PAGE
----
Thursday, March 7th, 2013 at
Wild chicken stew with slippery jack powder.
Lately I’ve been powdering my dried wild mushrooms, batch after batch and species after species, then attempting to use the powders in various kitchen concoctions.
First were the porcini (Boletus edulis), from which I made a divine sauce, followed by not-so-bad hawks wings (Sarcodon imbricatus) venison marinade and cream sauce. Short-stemmed slippery jacks (Suillus brevipes) were a logical choice after that—in part because I have so many, and in part because I refuse to believe them inferior despite their reputation.
I went through a phase obsessing about Suillus brevipes this fall.
Said me on the Facebook: “Not to harp on the (short-stemmed) slippery jacks or anything, but I’m growing very fond of these guys. I’m tempted to say they rival Boletus edulis, but I think Butter at Hunger and Thirst might have my head for it.” (This because Butter is such a porcini fanatic as to pass up the short, slippery dudes.) Read the rest of this entry
Monday, May 28th, 2012 at
Yucca flowers and wild Allium (garlic) in the pan. Note the purple tinge on the outer petals of these otherwise creamy-white flowers.
On Memorial Day last year we were still snowboarding at A-Basin, the snow drifts in the backyard were up to the life-size metal deer’s neck, and the yuccas down Denver-way waited until late June to bloom. This year, the snow is gone except for a handful of high elevation chutes and the yucca is in full bloom down the hill, a month ahead of last year.
Who can understand nature’s whim? Is her massive schedule change a punishment for our squandering of her resources, or is she just in one of her moods? Either way I figure we might as well take advantage of the yucca bounty now while the plants are in bloom.
Both Yucca and Yuca Are Delicious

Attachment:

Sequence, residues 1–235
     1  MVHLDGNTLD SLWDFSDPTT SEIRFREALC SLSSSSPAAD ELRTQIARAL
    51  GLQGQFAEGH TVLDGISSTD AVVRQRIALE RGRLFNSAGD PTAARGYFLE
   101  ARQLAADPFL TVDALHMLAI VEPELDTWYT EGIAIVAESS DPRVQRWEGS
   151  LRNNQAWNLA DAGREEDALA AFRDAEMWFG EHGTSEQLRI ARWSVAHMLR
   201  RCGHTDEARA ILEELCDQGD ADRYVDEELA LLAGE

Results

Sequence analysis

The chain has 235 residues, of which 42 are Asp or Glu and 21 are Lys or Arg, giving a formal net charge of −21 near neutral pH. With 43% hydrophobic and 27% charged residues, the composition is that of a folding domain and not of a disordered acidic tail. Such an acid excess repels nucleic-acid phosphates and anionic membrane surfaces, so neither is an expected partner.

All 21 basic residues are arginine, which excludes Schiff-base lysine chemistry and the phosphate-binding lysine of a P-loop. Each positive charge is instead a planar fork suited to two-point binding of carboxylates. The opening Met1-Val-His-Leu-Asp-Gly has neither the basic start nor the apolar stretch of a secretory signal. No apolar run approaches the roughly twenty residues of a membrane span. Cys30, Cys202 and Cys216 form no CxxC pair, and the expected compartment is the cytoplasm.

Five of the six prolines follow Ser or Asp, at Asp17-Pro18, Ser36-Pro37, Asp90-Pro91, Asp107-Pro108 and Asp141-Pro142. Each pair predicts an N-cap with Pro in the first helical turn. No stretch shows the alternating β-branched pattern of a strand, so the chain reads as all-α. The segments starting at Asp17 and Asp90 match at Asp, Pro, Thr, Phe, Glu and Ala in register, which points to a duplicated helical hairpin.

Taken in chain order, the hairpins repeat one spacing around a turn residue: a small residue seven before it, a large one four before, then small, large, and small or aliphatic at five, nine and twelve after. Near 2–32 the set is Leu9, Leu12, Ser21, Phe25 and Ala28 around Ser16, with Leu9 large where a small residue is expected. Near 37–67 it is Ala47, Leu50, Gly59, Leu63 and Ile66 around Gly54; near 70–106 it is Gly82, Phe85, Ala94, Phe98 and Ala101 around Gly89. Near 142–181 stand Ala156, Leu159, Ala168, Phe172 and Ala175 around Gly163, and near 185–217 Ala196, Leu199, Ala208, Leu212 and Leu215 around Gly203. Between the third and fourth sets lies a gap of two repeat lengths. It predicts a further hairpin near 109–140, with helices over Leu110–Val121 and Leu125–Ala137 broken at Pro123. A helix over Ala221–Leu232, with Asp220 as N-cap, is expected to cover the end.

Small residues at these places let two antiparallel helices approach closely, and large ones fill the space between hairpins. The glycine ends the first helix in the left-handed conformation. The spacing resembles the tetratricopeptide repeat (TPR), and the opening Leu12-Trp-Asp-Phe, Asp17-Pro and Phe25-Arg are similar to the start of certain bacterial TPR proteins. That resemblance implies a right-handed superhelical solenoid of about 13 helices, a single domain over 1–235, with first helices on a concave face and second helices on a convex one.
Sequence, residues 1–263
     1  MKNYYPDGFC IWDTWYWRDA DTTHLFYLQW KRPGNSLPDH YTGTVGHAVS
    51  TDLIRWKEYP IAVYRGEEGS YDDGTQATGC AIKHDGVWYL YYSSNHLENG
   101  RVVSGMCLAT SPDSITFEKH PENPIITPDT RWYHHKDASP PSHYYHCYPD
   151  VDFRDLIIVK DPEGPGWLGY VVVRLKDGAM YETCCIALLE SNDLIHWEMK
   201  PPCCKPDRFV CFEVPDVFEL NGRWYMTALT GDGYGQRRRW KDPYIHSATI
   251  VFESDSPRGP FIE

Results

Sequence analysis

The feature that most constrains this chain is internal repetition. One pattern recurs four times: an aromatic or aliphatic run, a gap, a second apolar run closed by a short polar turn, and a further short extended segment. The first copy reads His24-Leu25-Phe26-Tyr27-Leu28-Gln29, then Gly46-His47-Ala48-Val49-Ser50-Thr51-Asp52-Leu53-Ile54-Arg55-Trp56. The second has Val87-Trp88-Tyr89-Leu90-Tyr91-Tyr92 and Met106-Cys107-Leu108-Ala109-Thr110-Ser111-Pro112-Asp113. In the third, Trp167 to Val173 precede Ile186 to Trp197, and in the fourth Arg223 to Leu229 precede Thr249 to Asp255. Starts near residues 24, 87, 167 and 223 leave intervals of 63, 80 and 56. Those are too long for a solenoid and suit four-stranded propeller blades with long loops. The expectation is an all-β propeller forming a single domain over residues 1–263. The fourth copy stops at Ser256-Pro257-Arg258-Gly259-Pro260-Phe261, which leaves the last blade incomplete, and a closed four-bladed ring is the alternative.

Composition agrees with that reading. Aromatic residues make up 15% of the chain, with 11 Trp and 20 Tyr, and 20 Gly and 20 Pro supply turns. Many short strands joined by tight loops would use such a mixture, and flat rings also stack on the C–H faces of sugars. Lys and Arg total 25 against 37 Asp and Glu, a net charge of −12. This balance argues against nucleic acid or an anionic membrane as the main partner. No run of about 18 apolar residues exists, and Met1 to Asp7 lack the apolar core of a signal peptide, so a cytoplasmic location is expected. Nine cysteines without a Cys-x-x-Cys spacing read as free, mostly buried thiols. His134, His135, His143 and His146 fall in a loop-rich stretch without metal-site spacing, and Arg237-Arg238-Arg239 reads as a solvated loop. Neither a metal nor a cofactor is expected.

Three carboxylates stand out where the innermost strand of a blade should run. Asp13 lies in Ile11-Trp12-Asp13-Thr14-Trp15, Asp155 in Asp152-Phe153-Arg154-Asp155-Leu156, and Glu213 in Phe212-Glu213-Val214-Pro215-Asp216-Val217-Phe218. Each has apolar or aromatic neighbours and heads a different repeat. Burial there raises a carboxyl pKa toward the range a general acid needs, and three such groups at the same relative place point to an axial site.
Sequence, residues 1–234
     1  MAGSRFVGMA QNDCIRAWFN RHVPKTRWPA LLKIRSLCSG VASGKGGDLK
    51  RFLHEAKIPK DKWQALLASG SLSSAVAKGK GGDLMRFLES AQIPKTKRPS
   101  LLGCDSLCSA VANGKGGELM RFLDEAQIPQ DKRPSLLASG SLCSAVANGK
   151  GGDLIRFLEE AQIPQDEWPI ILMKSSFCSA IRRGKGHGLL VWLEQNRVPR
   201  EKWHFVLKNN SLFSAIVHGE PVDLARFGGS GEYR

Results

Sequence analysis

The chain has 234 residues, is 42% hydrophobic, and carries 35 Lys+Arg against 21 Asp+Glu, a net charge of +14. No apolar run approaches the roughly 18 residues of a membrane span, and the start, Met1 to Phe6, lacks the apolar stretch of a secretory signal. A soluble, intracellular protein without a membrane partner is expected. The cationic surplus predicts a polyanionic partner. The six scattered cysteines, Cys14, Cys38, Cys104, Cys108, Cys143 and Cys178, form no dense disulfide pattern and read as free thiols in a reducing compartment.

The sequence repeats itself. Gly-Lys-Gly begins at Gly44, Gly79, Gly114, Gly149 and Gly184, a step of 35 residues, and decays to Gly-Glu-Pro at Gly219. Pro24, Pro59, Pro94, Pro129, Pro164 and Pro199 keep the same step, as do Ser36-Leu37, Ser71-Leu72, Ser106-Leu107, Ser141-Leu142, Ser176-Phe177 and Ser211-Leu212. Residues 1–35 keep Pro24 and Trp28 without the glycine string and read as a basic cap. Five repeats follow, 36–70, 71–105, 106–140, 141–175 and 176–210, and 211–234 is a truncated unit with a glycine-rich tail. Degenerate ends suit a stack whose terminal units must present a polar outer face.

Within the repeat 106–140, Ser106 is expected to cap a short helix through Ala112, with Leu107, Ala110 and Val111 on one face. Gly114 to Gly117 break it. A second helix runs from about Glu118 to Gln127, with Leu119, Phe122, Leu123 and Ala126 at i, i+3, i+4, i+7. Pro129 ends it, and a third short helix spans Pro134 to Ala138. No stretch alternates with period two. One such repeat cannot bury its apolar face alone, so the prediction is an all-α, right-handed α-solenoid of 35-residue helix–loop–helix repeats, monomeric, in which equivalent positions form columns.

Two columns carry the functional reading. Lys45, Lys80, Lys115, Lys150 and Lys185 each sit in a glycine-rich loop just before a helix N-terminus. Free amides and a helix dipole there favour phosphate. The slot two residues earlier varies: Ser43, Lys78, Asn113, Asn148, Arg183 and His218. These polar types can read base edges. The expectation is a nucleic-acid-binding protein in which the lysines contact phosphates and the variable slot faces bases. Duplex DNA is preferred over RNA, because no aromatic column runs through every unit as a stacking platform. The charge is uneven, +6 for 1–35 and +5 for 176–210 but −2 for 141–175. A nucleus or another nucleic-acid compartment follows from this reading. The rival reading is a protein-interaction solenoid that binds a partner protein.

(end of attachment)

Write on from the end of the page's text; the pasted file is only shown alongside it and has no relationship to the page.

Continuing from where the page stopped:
Yucca is not the same as yuca or cassava (Manihot esculenta), the delicious and starchy potato-like root popular in Caribbean cultures.
Instead, wild yuccas (Yucca spp.), which cover miles of dry zones throughout the Western United States, have edible flowers, buds, and fruits. They are particularly conspicuous when in bloom, their waxy, bulbous white flowers dangling dense upon tall, upright flower stalks. In our local central-Colorado species, Yucca glauca aka soapweed yucca, there is one flower stalk per plant, and the flowers, while creamy white, often have pinkish/purple outer petals upon them. California Joshua trees (Yucca brevifolia), on the other hand, have “one flower stalk for each arm,” as Michael Moore explains in Medicinal Plants of the Mountain West (2003). Read the rest of this entry
Wednesday, June 29th, 2011 at
A delicious and attractive wild stir fry.
Yesterday I experienced the somewhat unique problem of having too many bags of wild edible plants in my refrigerator and not enough “normal” food with which to make lunch. So I improvised—and it worked out surprisingly well.
When In Doubt, Stir Fry
My most successful stir fry in recent months, then, involved sautéing finely chopped red onions and fireweed shoots for 10 minutes in olive oil, then adding yucca petals and Mertensia leaves, sautéing for another 5 minutes, and serving with noodles.
Normally I add a sauce to my stir fries, but this time I didn’t season it at all. Yucca was the dominant flavor, followed by the onions and olive oil. The fireweed shoots made for a nice, crispy texture, and although the Mertensia leaves lost the mild oyster-like flavor they have when raw, upon cooking they turned a beautiful bright green that made the dish look fantastic.